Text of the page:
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This article in AJ

  1. Vol. 76 No. 1, p. 71-76
     
    Received: Jan 31, 1983
    Published: Jan, 1984


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doi:10.2134/agronj1984.00021962007600010018x

No-Tillage of Grain Sorghum on a Shrinking Clay Soil1

  1. Thomas J. Gerik and
  2. John E. Morrison2

Abstract

Abstract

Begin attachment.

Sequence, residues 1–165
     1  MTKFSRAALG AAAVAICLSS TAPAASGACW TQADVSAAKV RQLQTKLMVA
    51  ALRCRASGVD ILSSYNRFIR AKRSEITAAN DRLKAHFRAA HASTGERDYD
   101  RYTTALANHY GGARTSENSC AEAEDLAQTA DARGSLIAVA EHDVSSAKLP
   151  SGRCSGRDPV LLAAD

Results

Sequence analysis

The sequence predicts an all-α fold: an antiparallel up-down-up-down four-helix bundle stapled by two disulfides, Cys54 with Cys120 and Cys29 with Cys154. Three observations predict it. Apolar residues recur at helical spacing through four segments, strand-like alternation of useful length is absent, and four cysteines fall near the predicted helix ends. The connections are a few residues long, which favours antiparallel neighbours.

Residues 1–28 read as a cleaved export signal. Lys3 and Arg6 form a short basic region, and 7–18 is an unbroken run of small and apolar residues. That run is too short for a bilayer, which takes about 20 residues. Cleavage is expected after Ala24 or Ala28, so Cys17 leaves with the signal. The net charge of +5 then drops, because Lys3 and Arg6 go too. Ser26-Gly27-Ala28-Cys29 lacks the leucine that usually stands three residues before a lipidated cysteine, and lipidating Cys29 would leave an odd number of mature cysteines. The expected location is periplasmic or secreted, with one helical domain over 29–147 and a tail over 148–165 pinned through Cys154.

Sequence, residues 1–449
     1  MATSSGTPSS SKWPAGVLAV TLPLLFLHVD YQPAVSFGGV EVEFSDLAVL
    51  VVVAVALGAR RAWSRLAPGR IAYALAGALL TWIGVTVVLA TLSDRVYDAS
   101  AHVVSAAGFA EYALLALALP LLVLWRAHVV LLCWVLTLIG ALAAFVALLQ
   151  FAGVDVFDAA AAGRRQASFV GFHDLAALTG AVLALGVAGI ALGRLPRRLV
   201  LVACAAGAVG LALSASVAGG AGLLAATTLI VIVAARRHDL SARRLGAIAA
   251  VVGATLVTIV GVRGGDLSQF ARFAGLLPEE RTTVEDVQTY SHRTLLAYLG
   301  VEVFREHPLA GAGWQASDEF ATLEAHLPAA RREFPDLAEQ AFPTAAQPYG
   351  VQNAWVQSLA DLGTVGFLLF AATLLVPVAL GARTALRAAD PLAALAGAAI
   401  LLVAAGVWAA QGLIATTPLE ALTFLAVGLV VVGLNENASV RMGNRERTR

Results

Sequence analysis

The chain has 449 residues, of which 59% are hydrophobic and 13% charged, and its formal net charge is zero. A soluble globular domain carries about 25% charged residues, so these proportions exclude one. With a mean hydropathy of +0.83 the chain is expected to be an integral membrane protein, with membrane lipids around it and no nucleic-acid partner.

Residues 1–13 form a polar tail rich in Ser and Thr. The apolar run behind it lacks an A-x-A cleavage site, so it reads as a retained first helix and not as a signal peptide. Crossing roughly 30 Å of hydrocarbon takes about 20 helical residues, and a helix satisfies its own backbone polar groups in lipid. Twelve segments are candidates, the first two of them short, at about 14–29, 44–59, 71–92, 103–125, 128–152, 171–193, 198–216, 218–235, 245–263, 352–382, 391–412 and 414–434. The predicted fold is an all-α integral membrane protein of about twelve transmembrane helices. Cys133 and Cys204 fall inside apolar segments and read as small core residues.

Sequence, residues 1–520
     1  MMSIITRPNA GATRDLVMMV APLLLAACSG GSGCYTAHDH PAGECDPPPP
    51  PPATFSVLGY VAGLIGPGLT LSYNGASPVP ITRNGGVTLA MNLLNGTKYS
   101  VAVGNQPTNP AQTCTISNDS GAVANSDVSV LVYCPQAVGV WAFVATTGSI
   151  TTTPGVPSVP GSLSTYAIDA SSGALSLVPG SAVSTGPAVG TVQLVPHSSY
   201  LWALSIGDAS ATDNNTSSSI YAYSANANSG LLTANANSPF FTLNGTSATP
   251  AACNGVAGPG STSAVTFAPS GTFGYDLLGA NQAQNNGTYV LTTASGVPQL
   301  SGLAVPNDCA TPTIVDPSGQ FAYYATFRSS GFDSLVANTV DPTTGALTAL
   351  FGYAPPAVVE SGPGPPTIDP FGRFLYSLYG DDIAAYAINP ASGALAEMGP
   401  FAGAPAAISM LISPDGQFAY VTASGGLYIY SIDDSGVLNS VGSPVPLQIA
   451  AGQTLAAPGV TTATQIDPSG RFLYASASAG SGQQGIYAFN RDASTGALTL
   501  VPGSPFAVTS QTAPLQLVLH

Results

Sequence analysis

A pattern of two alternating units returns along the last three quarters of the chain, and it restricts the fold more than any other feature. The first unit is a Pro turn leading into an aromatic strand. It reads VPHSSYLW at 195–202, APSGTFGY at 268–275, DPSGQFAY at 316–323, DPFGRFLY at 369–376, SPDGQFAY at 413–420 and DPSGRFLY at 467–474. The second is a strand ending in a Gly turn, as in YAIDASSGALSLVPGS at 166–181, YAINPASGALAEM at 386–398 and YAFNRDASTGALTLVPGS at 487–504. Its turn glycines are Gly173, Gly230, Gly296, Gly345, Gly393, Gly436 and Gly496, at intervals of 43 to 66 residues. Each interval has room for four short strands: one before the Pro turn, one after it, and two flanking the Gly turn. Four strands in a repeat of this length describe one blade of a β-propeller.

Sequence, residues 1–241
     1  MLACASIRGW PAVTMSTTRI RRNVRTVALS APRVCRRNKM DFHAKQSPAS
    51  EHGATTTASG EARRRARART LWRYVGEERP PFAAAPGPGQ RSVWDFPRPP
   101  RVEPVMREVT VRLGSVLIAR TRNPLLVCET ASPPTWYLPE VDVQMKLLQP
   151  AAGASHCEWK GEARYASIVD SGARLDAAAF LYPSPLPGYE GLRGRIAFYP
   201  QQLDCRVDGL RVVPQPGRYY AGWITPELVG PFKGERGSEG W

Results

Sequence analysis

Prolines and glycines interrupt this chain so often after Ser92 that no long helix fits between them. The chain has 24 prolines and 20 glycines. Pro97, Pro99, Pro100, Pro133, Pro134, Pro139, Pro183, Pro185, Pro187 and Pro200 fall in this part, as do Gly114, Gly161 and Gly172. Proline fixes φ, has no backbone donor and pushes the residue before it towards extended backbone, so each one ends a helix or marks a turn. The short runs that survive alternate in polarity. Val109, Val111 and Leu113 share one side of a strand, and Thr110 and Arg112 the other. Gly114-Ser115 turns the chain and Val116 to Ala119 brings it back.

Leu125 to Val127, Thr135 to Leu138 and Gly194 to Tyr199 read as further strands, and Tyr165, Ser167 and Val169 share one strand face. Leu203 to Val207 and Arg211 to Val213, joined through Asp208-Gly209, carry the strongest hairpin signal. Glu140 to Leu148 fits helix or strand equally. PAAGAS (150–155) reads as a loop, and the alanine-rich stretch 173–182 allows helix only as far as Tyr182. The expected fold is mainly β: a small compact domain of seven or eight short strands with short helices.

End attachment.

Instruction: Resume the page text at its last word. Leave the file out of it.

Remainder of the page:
Conservation tillage systems, such as no-tillage, have shown tremendous potential for controlling erosion, yet results in crop growth and yield have varied with location, environment, and soil type. The objectives of this study were to evaluate the effects of no-tillage (NT) and conventional tillage (CT) on growth and development of grain sorghum (Sorghum bicolor L. Moench) grown on a heavy clay soil in a humid, subtropical climate. The study was conducted over a 2-year period on an Austin silty clay (fine-silty, carbonatic, thermic Entic Haplustolls) with grain sorghum grown in rotation with winter wheat (Triticum aestivum L.). Grain sorghum yields did not differ significantly between NT and CT. Soil water contents were not significantly different between the tillage treatments, but there were consistent trends toward more soil water under NT throughout sorghum development each year. The tillage treatments did not have a major effect on soil temperature. Reductions in the leaf area index at panicle initiation noted under the NT treatment, however, were not reflected in differences in grain yield. Therefore, no-tillage may become an attractive management alternative for areas with similar soil and climatic conditions.

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